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Monday, December 18, 2017

Vermont senator Bernie Sanders was invited to the Vatican, but not by Pope Francis. The Vermont senator was invited to speak at a conference held by the Pontifical Academy of Social Sciences, an academy founded by the Vatican.

“The invitation was made on behalf of the Pontifical Academy of Social Sciences, not by Pope Francis,” said Vatican spokesman Father Federico Lombardi to The Daily Beast on Sunday. “There is no expectation that the pope will meet Mr. Sanders.”

But even within the academy, there is disagreement over who invited Sanders. The academy’s chancellor, Sanchez Sorondo, explained why he invited Sanders to a conference where some 30 academics would be present.

“We are interested in having him because we have two presidents coming from Latin America. I thought it would be good to have an authoritative voice from North America,” Sorondo told Bloomberg. He said the decision to reach to Sanders was made “quite some time ago.” A copy of the invitation obtained by The National Catholic Review is dated March 30.

In a subsequent interview with the publication, Sorondo defended the invitation by noting that both Bolivian President Evo Morales and Ecuadorian President Rafael Correa were attending the conference. “I don’t know what is the problem,” he said. “We have two presidents from Latin America, and we don’t have a problem. And we have a problem because we invited one candidate to the White House of your country? It’s a little impossible to understand.”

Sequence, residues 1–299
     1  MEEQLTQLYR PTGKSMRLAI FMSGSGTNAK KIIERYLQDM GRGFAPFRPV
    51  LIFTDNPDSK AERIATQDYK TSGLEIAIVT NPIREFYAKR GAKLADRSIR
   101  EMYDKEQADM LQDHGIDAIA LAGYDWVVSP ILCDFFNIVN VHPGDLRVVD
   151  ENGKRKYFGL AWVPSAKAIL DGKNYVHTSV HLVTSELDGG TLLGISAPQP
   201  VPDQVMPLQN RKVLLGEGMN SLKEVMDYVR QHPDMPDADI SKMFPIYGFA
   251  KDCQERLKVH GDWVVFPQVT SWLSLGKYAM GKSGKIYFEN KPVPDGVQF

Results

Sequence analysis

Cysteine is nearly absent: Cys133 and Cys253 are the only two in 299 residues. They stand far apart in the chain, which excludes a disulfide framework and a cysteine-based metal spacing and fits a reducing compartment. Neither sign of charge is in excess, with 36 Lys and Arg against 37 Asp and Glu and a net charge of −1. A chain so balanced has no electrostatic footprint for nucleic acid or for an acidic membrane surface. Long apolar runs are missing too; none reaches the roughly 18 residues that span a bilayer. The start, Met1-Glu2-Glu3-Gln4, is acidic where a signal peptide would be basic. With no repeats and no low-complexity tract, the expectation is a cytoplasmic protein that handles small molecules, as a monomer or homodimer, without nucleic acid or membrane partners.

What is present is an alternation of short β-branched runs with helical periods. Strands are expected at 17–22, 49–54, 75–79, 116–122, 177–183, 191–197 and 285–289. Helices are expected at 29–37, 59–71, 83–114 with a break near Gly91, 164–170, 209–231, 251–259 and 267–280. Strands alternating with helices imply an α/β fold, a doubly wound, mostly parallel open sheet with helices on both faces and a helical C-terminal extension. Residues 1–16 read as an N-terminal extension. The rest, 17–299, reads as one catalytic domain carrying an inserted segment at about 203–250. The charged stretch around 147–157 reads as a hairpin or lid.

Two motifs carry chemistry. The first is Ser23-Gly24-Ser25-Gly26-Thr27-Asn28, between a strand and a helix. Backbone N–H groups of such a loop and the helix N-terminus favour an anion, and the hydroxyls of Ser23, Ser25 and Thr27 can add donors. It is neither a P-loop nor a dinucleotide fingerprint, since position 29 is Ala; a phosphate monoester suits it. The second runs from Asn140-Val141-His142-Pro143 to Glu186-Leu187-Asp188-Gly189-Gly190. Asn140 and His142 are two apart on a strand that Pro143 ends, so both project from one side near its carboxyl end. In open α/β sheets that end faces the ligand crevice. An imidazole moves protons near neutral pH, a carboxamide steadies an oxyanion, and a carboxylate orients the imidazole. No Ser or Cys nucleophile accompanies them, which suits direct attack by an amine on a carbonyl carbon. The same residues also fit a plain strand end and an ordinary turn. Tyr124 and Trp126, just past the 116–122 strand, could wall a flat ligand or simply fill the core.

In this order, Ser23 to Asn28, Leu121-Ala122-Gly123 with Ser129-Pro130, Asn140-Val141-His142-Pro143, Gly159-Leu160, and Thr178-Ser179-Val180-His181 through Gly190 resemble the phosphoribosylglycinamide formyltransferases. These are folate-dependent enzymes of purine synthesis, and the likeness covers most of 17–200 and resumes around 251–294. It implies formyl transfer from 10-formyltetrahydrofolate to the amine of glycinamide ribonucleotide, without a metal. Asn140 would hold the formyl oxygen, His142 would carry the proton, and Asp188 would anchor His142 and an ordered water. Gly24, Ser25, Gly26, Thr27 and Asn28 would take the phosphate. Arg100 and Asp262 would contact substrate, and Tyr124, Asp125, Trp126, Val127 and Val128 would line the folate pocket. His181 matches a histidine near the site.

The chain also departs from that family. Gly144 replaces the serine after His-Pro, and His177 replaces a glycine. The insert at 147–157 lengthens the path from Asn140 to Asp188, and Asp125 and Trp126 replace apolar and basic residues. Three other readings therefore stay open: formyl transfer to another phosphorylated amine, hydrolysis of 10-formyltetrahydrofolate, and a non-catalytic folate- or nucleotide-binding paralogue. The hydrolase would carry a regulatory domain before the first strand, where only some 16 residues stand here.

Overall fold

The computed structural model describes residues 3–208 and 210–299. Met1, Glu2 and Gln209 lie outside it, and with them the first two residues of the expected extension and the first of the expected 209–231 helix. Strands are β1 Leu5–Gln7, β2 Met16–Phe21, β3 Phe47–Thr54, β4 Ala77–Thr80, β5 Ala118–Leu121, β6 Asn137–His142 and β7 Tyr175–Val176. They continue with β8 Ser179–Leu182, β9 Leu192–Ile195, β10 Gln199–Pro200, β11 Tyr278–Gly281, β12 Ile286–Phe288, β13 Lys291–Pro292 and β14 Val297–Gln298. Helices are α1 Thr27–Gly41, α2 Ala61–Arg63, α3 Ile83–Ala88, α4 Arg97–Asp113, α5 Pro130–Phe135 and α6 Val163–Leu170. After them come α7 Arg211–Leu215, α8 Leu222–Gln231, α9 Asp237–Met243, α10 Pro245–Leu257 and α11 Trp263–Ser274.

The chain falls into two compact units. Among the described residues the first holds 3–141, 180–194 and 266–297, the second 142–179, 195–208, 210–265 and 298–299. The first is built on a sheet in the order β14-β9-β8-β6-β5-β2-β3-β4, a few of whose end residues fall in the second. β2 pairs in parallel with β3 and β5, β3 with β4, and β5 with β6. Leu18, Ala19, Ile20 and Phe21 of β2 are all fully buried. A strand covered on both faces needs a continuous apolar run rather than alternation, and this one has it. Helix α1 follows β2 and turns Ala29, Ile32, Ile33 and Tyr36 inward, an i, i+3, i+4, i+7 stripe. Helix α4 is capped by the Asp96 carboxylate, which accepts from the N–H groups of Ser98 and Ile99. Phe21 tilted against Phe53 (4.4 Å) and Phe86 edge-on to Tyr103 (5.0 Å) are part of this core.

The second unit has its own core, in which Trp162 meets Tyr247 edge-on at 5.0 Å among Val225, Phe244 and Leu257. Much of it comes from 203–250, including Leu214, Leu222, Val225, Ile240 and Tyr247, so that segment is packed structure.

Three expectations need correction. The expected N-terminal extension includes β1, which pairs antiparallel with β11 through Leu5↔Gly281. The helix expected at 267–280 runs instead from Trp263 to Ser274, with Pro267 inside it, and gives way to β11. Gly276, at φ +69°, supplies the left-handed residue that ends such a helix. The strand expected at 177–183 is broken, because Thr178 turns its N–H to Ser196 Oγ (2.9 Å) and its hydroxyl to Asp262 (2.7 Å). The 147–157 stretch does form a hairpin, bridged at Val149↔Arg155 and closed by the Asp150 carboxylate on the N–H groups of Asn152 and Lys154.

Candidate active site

But Margaret Archer, the academy’s president, said that Sanders had effectively invited himself. “Sanders made the first move, for the obvious reasons,” Archer, president of the Pontifical Academy of Social Sciences. “He may be going for the Catholic vote but this is not the Catholic vote and he should remember that and act accordingly — not that he will.”

Sanders trip will take place just four days before the New York primary, a crucial race in which he must perform well to stay a serious contender for the Democratic nomination. A third of the state’s population are Catholics, according to the Public Religion Research Institute.

Regardless of how Sanders was invited, much of his rhetoric has involved championing the cause of the poor, fighting racism and bigotry, and criticizing capitalism as it is practiced today — just like the pope, Sanders frequently points out.

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